HTTP vs HTTPS
In previous blog posts we’ve mention the importance of SSL certification and some of the most common cyber threats facing businesses. Now we’re going to continue the topic of security and shine a light at an often-overlooked feature of websites. If you’ve ever looked at the top of a webpage in the URL bar, you’ll notice before the name of the site either http:// or https://. These stand for Hypertext Transfer Protocal and Hypertext Transfer Protocal Secure respectively.
To put it quite simply both HTTP and HTTPS are sets of protocols that allow for the transfer of information between systems. They’re mostly used to transfer data between a web server and a browser. Before 2014 most websites, with the exception of some E-commerce sites, only used HTTP to transfer data to the browser. However, the fatal flaw of HTTP is that it doesn’t encrypt the data it sends to the server, as a result information such as passwords, email addresses or bank details can be stolen. This is the reason you sometimes get warnings when going to certain sites, they are using HTTP for all data transfers and are vulnerable to hacks. HTTPS has and added layer of security as all data transfers are encrypted with an SSL certificate (Secure Socket Layer) which protects all sensitive information.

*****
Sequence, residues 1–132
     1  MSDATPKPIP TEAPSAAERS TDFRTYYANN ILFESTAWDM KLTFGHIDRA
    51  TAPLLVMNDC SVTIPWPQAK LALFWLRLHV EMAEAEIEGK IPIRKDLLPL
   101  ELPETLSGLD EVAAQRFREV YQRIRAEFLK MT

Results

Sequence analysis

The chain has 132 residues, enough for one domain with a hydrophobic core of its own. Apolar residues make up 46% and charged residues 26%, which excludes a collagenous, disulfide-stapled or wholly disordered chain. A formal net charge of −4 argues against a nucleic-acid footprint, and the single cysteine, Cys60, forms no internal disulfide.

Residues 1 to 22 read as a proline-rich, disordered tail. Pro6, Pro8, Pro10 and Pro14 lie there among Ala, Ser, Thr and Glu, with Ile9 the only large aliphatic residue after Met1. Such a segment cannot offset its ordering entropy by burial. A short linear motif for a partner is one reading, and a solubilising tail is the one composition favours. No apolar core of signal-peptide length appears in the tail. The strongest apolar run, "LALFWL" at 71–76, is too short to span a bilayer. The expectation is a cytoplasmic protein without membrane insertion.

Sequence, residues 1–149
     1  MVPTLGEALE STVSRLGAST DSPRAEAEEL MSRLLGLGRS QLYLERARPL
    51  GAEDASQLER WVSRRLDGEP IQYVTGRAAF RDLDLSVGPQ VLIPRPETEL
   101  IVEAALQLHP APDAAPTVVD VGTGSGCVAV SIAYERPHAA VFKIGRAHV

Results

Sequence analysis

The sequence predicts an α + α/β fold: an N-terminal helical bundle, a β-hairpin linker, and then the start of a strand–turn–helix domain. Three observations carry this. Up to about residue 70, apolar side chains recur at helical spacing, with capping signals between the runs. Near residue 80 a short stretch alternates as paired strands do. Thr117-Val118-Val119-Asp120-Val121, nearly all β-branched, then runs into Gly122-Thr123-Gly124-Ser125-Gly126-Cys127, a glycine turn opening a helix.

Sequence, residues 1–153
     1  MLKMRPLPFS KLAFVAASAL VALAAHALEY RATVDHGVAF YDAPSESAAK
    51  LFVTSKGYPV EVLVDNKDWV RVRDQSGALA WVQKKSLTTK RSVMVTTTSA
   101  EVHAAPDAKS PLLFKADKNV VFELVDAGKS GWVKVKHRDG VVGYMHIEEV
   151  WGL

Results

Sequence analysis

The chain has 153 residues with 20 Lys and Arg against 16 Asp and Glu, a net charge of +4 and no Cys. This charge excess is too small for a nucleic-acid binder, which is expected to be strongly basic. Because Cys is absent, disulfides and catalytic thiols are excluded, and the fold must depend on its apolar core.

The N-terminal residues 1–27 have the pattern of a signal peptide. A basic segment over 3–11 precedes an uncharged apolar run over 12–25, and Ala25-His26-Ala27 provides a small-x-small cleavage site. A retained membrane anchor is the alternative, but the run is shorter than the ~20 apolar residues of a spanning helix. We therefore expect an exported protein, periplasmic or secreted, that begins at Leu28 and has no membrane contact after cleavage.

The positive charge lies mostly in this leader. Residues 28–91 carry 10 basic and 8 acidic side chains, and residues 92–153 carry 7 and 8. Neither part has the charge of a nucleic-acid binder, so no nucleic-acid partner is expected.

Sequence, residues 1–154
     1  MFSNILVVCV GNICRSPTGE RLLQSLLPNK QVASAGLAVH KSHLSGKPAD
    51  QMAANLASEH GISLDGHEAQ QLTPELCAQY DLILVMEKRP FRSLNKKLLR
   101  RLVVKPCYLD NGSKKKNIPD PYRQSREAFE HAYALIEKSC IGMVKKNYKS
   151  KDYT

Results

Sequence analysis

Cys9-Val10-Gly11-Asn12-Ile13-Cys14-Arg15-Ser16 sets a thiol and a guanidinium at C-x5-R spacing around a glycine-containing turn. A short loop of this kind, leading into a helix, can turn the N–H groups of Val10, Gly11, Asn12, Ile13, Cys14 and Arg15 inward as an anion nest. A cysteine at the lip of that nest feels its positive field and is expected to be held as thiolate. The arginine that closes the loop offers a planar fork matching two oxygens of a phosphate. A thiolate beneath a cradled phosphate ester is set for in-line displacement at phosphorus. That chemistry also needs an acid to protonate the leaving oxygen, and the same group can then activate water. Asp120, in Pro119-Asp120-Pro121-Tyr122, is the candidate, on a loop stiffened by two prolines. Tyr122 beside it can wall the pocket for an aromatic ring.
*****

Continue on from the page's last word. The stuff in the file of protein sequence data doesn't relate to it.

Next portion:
We always advise clients to update their websites to use HTTPS, it is now a standard security feature on most websites and is the minimum level of security that consumers expect. As well as the cyber security advantages HTTPS also offers advantages for visibility and SEO. As an incentive for businesses and developers to switch over Google provides sites which use HTTPS with a boost in its rankings in effect giving an edge to sites that switched to HTTPS over those that didn’t.
This is one of the first steps we take with our clients and we can’t stress the need to use HTTPS enough. We hope you found this post helpful.